Thursday, March 24, 2022

Music History Today: March 25, 2022

March 25, 1972: Deep Purple's album Machine Head is released in America.

Led Zeppelin's fourth album, Black Sabbath's Paranoid, and Deep Purple's Machine Head have stood the test of time as the Holy Trinity of English hard rock and heavy metal, serving as the fundamental blueprints followed by virtually every heavy rock & roll band since the early '70s.

Deep Purple rock & roll band
Deep Purple

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And, though it is probably the least celebrated of the three, Machine Head contains the "mother of all guitar riffs" -- and one of the first learned by every beginning guitarist -- in "Smoke on the Water."   
Read more: Allmusic

March 25, 1967: "I’m a Man" by The Spencer Davis Group entered Billboard's Hot 100 chart.

"I'm a Man" was written by the Spencer Davis Group singer-songwriter Steve Winwood and record producer Jimmy Miller. The original recording was a fast, Hammond organ-driven blues rock track released as a single by the Spencer Davis Group in early 1967. It was the last hit single by the band before the brothers Steve and Muff Winwood left to pursue their own separate careers. 
Read more: Wikipedia

March 25, 1968 - The 58th and final episode of "The Monkees" TV show was aired.

The Monkees story began in the fall of 1965, when Bob Rafelson and Bert Schneider -- a pair of producers whose Raybert Productions had a deal with Columbia Pictures and their TV branch Screen Gems -- came up with an idea for a television series about a rock group.

The Monkees
The Monkees

Inspired by Richard Lester's groundbreaking comedies with the Beatles, A Hard Day's Night and Help!, Rafelson and Schneider imagined a situation comedy in which a four-piece band had wacky adventures every week and occasionally burst into song. The NBC network liked the idea, and production on The Monkees began in early 1966.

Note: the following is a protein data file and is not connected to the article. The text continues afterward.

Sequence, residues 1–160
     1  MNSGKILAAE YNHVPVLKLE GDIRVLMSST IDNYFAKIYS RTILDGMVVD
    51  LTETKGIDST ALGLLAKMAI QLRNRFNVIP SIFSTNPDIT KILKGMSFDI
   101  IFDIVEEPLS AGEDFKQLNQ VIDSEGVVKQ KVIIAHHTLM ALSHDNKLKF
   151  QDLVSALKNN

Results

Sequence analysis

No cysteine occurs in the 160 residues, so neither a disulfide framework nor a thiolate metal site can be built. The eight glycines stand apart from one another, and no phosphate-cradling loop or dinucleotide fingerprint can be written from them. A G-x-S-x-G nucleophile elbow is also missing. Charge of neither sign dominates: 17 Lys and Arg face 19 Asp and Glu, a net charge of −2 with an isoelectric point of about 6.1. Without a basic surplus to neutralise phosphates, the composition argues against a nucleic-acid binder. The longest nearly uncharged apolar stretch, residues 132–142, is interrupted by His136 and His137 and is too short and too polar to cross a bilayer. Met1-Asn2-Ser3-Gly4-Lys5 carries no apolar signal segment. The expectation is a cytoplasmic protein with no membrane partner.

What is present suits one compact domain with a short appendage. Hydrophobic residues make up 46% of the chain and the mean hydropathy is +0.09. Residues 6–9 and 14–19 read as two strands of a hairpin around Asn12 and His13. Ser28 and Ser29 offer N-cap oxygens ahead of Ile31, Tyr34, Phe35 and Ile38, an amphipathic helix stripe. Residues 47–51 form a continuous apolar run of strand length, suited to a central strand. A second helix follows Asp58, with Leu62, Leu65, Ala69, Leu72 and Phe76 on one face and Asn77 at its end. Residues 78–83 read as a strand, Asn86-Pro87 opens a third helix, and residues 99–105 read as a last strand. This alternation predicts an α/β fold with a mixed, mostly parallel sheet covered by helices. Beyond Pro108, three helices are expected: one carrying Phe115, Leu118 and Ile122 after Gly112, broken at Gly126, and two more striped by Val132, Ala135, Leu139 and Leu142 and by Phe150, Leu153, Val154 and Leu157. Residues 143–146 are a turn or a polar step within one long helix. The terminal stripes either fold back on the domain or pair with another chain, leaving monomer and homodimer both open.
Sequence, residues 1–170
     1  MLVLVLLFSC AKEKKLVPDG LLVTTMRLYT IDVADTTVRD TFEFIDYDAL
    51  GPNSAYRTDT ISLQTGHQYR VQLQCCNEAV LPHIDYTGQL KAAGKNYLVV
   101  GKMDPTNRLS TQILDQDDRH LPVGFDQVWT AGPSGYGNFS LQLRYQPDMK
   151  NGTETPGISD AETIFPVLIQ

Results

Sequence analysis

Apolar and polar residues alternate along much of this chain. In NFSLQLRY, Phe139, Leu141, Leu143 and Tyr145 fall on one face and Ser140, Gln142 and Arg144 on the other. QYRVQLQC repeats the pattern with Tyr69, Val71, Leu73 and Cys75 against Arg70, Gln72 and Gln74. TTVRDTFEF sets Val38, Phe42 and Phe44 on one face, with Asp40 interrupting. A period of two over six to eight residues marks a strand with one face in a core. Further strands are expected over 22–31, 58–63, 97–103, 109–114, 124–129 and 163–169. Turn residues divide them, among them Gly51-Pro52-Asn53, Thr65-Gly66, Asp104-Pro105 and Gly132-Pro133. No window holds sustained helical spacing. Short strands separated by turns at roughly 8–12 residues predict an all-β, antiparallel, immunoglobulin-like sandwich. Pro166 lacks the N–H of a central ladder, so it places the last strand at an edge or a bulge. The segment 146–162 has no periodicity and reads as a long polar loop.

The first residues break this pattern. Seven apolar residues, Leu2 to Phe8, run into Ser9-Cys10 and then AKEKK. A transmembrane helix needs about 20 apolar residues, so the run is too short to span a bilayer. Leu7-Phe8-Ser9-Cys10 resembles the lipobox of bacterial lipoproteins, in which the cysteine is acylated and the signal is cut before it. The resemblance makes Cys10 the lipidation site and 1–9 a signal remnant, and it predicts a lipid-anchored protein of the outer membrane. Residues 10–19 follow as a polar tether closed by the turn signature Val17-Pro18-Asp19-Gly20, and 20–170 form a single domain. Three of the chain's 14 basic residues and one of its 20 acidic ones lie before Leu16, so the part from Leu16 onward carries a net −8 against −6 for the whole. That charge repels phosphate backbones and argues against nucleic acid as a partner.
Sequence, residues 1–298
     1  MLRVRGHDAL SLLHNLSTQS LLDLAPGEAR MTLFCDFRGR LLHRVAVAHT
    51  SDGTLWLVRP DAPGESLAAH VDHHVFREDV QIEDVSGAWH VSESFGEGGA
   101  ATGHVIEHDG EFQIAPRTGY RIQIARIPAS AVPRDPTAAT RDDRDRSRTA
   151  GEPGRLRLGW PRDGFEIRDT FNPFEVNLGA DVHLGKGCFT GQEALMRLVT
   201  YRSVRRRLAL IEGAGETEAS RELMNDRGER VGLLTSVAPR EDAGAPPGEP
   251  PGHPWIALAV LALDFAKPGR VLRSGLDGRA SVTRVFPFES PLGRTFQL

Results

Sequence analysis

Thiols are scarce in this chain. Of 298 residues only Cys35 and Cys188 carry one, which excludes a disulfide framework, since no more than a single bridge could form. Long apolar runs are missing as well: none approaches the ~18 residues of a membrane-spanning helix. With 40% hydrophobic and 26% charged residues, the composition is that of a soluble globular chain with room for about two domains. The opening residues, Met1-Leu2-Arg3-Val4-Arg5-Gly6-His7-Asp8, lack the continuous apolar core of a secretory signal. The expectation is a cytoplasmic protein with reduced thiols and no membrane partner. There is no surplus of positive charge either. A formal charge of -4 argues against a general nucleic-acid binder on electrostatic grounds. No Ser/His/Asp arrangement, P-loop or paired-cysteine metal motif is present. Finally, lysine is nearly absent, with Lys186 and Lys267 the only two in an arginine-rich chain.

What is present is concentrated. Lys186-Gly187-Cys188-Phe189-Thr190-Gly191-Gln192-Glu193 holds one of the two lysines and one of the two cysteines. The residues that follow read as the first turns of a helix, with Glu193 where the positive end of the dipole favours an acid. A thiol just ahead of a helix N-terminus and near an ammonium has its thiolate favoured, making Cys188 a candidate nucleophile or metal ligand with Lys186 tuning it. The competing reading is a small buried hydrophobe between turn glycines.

Read more: Allmusic


March 25, 1978: Shaun Cassidy's cover of "Do You Believe in Magic" started its climb up the US music chart. 

A major teen idol of the late '70s, actor/singer Shaun Cassidy rocketed to fame both on the pop charts and on television, much as his half-brother David Cassidy had done earlier in the decade.

Shaun Cassidy
Shaun Cassidy

The son of actors Jack Cassidy and Shirley Jones, he was born in Hollywood on September 27, 1959, and formed his first band at the age of 11. After signing with Mike Curb's division of Warner Bros. in 1975, Cassidy issued his 1976 debut single, "Morning Girl," which became a major European hit and made the singer the subject of considerable fan adulation and teen magazine scrutiny.  
Read more: Allmusic

March 25, 1989: Chicago peaked at Number 10 in the US with "You're Not Alone." 

Bill Champlin knocks it out of the park vocally, and “You’re Not Alone” does have a catchy hook — much like most of the rest of 1988’s Chicago 19, without horns. Still the results are completely and utterly generic: “You’re Not Alone” could just as easily have been a minor hit for any number of other bands of the same era. While Dawayne Bailey was Chicago’s touring guitarist at the time, most of the studio albums from his tenure feature session guitarists. 
Read more: Something Else Reviews

Smoke on the Water
Deep Purple

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